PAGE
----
Ferndale, DetroitJune 29, 2012
Ferndale resident launches new Detroit Bus Co.
By Jeremy Selweski
C & G Staff Writer
Andy Didorosi was not happy with the slow progress being made to finally bring a modern, dependable mass transit system to metro Detroit, so he did what any ambitious young entrepreneur would do: He started his own.
While Didorosi’s new Detroit Bus Co. (DBC) so far only has five buses, and only operates on weekends, and only includes a small downtown loop, he believes that it is a step in the right direction for the region — and one with tremendous potential for growth. After all, Detroit may still be the Motor City, but that doesn’t mean that people want to drive their cars everywhere they go.
“It’s such a frustrating thing that we don’t have a mass transit system downtown that people can rely on,” said Didorosi, a 25-year-old Ferndale resident and owner of the Ferndale business incubator Paper Street. “There’s a real need there, but we still don’t have light rail or (bus rapid transit), and we might not for several more years. In the meantime, though, we’ve still got a city to run and people need an easy way to get around.”
The DBC’s business model could not be any simpler: Riders pay $5 for an unlimited, all-day pass and can hop on and off the buses anytime they want. Regular bus hours are Friday from 6 p.m. to 2:30 a.m., Saturday from 4 p.m. to 2:30 a.m. and Sunday from 1-10 p.m. The buses also operate two hours before and after every Detroit Tigers home game.
The buses follow a route through Midtown, Corktown and downtown that stops at 12 popular locations such as Comerica Park, Foran’s Irish Pub, Pegasus Taverna, The Majestic Theater, Woodbridge Pub and Green Dot Stables. The DBC also has an official “park and ride” lot at Michigan Avenue and Rosa Parks Boulevard, but Didorosi indicated that he and his business partners are reconsidering that option.
Gary Anglebrandt, chief operating officer for the company, came on board with the DBC about a month ago. As a former web editor for Crain’s Detroit Business, he had sensed that the tides in the area were changing.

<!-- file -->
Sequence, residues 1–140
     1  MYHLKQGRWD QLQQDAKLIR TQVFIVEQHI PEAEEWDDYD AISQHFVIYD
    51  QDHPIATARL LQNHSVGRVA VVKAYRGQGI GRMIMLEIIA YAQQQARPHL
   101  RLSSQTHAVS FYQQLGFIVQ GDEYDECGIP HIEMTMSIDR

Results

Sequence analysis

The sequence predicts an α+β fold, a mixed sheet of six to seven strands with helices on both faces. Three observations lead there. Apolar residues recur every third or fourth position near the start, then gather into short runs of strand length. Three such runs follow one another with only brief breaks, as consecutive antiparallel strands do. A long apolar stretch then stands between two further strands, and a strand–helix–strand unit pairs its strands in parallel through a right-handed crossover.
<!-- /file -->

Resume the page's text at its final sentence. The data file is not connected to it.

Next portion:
“The way I see it, this has been a long time coming,” said the 35-year-old Detroit resident. “I had been noticing a groundswell of new, young entrepreneurs in the area and more people coming to hang out in Detroit. Midtown and Corktown have come alive; the nightlife has really taken off. There has been a lot of demand for something like this, so we thought it would be a great way to connect some of these neighborhoods.”
The DBC may soon be connecting even more neighborhoods, as Didorosi is planning to add a route that picks up bus riders in Royal Oak, Ferndale and Hamtramck and brings them downtown. He is looking to change the city’s approach to transit, which he feels is “very anti-consumer right now,” into one that is more mobile and welcoming.
One of Didorosi’s goals with the DBC was to create a more enjoyable riding experience that would entice downtown visitors to step out of their cars. All of the company’s vehicles are former school buses that were converted to biodiesel, and Didorosi hired three local artists to paint them in bright, vivid colors featuring graffiti-style lettering. He also sought out drivers with talkative, lively personalities to help keep customers entertained.
“Riding a bus can be a pretty boring, unpleasant experience most of the time, but it doesn’t have to be that way,” Didorosi said. “We wanted to change some things that would make it cool and fun for people.”
Other local bus service providers had little to say about Didorosi’s new endeavor. Beth Gibbons, spokesperson for the Suburban Mobility Authority for Regional Transportation (SMART), chose not to comment. Representatives from the Detroit Department of Transportation (DDOT) could not be reached for comment.
Anglebrandt explained that the biggest challenge for the company right now is getting more residents on board with a shifting mindset that embraces mass transit as part of daily life. He pointed out that when he lived in Seoul, South Korea for four years, he used public transportation or walked everywhere he went and never needed to use a car. While metro Detroit is still a long way from that type of transit model, he believes that it may get there one day.
“I rode the bus last weekend, and it was amazing because other people seem to have even more support for this idea than we do,” Anglebrandt said. “I don’t think this would have worked if we had tried to do it 10 or 15 years ago. But more and more young people now are starting to think about using public transportation instead of driving everywhere.”
Didorosi agreed. While the DBC was originally created as a stopgap measure until a government-sponsored public transit system is established, Didorosi can see his company sticking around for the long haul.
“People always say to us, ‘Why didn’t somebody think of this before?’ because it seems like such an obvious solution,” he said. “We’ve got to start somewhere, and right now we have the advantage of being small and quick and agile. It’s really not all that complicated. You don’t have to go to bus school to do this — you just need to figure out where people are and where they want to go. So I really feel like this service can lay a great foundation for the Detroit area.”
For more information on the Detroit Bus Co., call (313) 444-BUS1 or go to www.thedetroitbus.com.
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